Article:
Brickie who spiralled to the top
Stephen Grix recounts how he left school with no qualifications, but - thanks to some fast-talking from his father - landed an apprenticeship that led to lecturing and, finally, to the job of principal of the Kent college where he started out.
I am the eldest of six boys from a working-class background and attended a secondary modern school in Gravesend, Kent. My parents must have been aspirational because, when it came to secondary transfer, I was the only boy in my class (apart from the teacher's son) who went to the church school.
My parents dragged me along to Sunday school for three years to ensure I got the vicar's letter of recommendation. I think he knew he would not see me again - probably as much a relief to him as me.
At the end of my fourth year, the school decided it was in everybody's best interests if I went out to work. And so it was that one month after my 15th birthday I started thinking about career options.
My father insisted on coming to my careers interview. After outlining my qualifications - no CSEs, no O-levels, and the distinction of being the only kid in school to have failed cycling proficiency - I was offered three jobs: Co-op store boy, which I quite fancied, window cleaner or apprentice bricklayer.
My father was straight in with some spiel about how his boy had always wanted to be a brickie. His father had been a brickie (he was a refractory bricklayer, working with firebricks in kilns and furnaces) and I had loved Lego as a child. In no time, an interview was set up with the owner of a local building firm.
I went with my mum and he interviewed her for about 30 minutes about my health, time-keeping and general demeanour. I just asked about the pay. It was 13 new pence per hour and a 50-hour week - but anything over 40 hours was paid at time-and-a-half. The pay may have been poor, but I enjoyed the job.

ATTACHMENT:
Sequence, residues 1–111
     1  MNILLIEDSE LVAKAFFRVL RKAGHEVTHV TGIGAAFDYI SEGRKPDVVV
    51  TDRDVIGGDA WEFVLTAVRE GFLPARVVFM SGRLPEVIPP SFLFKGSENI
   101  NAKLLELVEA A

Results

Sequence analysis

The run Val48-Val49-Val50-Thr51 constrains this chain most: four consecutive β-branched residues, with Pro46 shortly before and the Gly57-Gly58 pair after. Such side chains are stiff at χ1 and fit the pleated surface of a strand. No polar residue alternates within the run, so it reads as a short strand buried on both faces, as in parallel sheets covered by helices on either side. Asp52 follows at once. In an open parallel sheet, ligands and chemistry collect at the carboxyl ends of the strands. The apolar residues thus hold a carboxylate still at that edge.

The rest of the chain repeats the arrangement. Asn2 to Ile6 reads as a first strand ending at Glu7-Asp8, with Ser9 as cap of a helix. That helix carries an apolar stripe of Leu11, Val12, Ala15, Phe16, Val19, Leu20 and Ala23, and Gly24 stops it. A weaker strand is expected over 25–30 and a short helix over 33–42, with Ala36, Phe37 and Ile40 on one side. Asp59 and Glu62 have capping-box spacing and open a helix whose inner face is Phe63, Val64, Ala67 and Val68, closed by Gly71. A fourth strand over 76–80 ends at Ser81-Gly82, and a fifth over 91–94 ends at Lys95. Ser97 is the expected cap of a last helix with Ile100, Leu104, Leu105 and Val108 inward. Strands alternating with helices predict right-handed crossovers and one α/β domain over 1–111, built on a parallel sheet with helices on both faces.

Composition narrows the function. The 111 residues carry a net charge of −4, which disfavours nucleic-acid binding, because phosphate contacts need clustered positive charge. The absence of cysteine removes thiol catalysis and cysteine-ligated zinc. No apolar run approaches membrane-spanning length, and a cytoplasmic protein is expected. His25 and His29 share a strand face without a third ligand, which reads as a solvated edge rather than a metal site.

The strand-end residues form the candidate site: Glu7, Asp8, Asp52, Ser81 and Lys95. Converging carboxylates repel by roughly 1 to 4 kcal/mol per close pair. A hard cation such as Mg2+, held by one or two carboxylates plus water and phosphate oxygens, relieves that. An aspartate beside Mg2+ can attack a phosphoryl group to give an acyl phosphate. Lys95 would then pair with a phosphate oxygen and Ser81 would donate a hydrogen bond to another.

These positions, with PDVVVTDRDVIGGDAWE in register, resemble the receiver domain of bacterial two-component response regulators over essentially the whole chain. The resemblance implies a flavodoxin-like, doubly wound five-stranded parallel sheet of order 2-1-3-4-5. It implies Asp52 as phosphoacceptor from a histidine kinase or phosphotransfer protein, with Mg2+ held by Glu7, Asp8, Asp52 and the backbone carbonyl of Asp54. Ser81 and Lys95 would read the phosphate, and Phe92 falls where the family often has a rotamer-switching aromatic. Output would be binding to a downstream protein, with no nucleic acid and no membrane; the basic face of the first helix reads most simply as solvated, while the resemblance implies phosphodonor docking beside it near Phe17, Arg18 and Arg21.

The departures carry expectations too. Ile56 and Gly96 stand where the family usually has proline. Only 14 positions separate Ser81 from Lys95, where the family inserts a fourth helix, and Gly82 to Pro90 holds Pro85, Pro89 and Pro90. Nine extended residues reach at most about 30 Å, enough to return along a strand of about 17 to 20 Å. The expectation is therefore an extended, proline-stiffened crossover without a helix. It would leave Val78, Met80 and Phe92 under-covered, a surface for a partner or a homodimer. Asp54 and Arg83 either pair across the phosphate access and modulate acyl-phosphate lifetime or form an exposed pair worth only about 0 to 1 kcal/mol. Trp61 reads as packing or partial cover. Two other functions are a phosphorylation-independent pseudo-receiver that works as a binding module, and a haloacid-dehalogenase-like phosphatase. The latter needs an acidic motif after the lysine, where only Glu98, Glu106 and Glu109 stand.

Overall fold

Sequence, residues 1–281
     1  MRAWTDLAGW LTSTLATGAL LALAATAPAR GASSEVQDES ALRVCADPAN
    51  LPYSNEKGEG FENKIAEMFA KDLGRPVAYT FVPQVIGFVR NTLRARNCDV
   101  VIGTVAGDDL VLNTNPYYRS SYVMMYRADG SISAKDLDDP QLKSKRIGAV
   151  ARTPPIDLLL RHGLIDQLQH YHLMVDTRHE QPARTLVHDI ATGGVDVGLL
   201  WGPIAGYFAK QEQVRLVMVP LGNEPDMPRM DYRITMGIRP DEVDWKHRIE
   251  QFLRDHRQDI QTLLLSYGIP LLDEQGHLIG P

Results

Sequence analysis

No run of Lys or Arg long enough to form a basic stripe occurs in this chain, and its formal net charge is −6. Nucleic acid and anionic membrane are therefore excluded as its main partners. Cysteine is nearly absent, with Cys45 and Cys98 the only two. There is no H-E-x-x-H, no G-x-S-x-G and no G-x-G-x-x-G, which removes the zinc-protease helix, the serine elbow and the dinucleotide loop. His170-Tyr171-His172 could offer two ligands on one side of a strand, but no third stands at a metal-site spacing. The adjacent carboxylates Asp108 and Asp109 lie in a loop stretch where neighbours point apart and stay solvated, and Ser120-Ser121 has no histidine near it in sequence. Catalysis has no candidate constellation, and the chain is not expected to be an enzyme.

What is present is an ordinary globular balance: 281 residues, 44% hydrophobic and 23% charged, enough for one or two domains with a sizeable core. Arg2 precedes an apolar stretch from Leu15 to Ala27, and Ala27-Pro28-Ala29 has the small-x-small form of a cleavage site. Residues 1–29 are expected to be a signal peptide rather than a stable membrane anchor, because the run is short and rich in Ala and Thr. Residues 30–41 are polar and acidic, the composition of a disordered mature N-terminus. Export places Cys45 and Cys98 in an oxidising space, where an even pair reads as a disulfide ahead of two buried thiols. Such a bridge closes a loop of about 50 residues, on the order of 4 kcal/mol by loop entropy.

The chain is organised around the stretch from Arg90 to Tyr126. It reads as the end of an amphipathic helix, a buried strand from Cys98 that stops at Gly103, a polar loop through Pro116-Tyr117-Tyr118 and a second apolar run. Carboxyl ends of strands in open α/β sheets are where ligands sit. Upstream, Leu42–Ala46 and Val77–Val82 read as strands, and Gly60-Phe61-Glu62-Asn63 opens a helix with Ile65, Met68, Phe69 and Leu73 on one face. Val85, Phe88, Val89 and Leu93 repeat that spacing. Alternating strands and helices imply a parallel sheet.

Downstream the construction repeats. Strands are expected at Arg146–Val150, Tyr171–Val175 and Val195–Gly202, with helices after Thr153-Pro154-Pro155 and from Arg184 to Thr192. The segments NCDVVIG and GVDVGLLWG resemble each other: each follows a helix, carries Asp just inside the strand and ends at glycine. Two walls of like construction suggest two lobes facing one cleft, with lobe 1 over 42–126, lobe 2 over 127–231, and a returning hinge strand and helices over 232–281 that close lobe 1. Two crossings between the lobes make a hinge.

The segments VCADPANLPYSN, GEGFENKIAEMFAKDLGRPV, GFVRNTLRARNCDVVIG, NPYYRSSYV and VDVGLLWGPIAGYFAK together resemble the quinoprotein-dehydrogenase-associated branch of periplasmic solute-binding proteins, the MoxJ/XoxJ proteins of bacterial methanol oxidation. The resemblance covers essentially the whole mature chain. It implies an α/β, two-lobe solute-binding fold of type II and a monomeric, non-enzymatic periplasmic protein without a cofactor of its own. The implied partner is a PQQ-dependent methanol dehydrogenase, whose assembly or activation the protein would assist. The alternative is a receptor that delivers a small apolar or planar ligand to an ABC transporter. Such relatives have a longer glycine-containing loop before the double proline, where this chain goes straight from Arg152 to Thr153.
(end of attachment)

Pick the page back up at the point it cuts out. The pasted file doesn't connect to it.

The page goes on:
I worked through the summer and in September started day release on my City and Guilds Brickwork at Mid-Kent College, where I remember hordes of female hairdressing and secretarial students.
I completed six years. By then I was at a different college site, but I dropped in to see my former lecturers, who said a neighbouring college was advertising for a lecturer and encouraged me to apply.
I was flattered, but had recently married and bought a house and was concerned about the salary. Nevertheless, I applied and got the job. It meant less money, but fewer hours. It also included sick pay and pension, and pay would go up every year. I would have 14 weeks' annual holiday, so I could easily make up the difference with other work.
A young guy who had just completed his probation year advised me not to complain about difficult students. Another, more experienced colleague also warned that some of the school link groups were ferocious and that I should look out for one in particular. Sure enough, my first ever class was from the school he had warned me about.
Without doubt, they were a challenge, but other students were a joy to teach. I was amazed how quickly they picked up skills and it was very satisfying to see their written work progress. I particularly enjoyed working with the adults, most of whom were older than me.
I saw many examples of people who, like me, had not been very successful at school, but later realised they were quite capable. One of my greatest pleasures was seeing students succeed. I had three in one year achieve distinctions in all areas - something I had not managed.
Teaching has never been easy or particularly well paid, but it is a rewarding job and one that I am happy to recommend. Just ask my eldest daughters - they both teach.
Stephen Grix is principal of Mid-Kent College and former chief inspector of FE
COMING FULL CIRCLE
1971 - Left school with no qualifications to become apprentice bricklayer, studying at Mid Kent College.
1977 - Began lecturing in bricklaying at Bexley College in Kent, before moving to Barking College of Technology and Basingstoke College of Technology.
1990 - Joined Barking and Dagenham local authority as an inspector of post-14 education.
1993 - Moved to Barking College as director of curriculum planning and quality assurance. Later promoted to deputy principal.
1996 - Appointed principal of Sir George Monoux Sixth Form College in Waltham Forest, east London.
2000 - Joined Ofsted as head of post-compulsory education. Started college inspection regime.
2002 - Became director of education for Tower Hamlets, east London, with responsibility for 100 schools.
2005 - Appointed principal of Mid-Kent College.